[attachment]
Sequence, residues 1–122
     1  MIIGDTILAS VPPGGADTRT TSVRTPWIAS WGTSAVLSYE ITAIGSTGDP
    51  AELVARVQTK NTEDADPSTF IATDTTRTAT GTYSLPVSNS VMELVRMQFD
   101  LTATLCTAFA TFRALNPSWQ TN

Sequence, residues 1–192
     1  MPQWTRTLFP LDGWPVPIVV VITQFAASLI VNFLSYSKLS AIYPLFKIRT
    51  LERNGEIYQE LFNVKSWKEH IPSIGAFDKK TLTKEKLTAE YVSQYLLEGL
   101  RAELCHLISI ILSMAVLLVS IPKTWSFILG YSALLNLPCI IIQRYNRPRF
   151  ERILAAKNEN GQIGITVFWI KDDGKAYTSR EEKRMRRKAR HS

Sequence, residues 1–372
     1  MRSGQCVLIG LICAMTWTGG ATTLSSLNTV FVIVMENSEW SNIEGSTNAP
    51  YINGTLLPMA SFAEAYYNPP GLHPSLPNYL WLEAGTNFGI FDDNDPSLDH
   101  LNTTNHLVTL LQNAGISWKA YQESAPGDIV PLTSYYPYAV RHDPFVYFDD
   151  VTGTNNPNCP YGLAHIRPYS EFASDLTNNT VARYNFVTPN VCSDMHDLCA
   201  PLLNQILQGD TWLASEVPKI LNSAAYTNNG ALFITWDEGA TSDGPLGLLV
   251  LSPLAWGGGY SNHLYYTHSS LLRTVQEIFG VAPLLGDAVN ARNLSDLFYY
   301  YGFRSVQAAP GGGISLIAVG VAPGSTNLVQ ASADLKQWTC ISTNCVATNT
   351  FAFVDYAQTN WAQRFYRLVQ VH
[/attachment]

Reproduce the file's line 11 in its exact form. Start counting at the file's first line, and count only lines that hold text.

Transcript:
     1  MRSGQCVLIG LICAMTWTGG ATTLSSLNTV FVIVMENSEW SNIEGSTNAP